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Colorado National Guard cyber security unit activated for presidential primary

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(The Center Square) – Democrat Gov. Jared Polis issued an executive order activating the Colorado National Guard at the request of Democrat Secretary of State Jena Griswold for increased cybersecurity during next week’s presidential primary.

In 2018, Democrat Gov. John Hickenlooper began activating the guard for election cybersecurity measures. Polis continued the practice in previous elections.

“The Colorado National Guard Cyber Task Force is a valued partner in the shared goal of keeping Colorado’s elections secure,” Griswold said in a statement. “These cybersecurity experts will work with our security professionals to help protect our support systems from cyber threat.”

Coloradans cast paper ballots, but the move helps secure support systems for elections. Colorado uses an online voter registration system. Voters can access it to update their information, but the system is protected in various ways.

“Even with such security features, online voter registration systems could provide an avenue for cyber actors to gain unlawful access to voter registration databases,” Polis wrote in his executive order. “Outside of Colorado, voter registration databases have been compromised by cyber actors hacking into various systems. While cyber actors are unable to modify voter records, breaches could result in the release of voters’ personally identifiable information.”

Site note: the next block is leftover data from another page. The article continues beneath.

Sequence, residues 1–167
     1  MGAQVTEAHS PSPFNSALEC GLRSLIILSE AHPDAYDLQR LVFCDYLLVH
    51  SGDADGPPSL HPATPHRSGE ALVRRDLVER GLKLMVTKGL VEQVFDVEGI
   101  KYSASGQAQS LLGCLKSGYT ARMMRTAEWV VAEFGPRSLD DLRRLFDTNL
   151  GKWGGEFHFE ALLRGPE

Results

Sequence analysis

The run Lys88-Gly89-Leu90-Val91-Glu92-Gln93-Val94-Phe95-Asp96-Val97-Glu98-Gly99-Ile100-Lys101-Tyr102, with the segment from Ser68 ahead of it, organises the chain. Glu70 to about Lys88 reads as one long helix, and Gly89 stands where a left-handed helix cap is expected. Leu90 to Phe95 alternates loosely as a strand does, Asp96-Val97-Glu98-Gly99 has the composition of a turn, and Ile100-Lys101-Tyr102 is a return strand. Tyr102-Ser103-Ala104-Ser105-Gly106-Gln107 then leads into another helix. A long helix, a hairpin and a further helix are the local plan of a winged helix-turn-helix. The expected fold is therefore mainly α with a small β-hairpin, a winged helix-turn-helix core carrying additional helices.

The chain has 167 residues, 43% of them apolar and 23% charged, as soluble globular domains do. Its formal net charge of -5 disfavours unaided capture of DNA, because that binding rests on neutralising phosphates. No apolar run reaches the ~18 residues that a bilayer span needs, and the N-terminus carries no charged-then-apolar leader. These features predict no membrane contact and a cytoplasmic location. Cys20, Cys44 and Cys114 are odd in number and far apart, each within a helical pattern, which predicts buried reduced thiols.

Polis directed no less than six and up to nine unarmed members of the Colorado National Guard Cyber Operations Element to begin assistance and continue for up to 30 days. Colorado’s presidential primary is March 5 and ballots must be cast or returned by 7 p.m. that day.

“The exposure of voters’ personally identifiable information does not threaten the integrity of our State elections, but could undermine public confidence in the system and suppress voter registration,” Polis wrote in the order. “The Colorado National Guard Defensive Cyber Operations Element has unique cyber capabilities to assist in protecting critical election infrastructure.”

The presidential primary will attract national attention as the Colorado Supreme Court ruled Republican candidate and former President Donald Trump be removed from the ballot under the 14th Amendment of the U.S. Constitution. However, the court ruled Trump’s name could remain on the ballot if the case was appealed to and taken up by the U.S. Supreme Court. Both sides argued their case on Feb. 8 before the U.S. Supreme Court, which has yet to make a ruling in the case.

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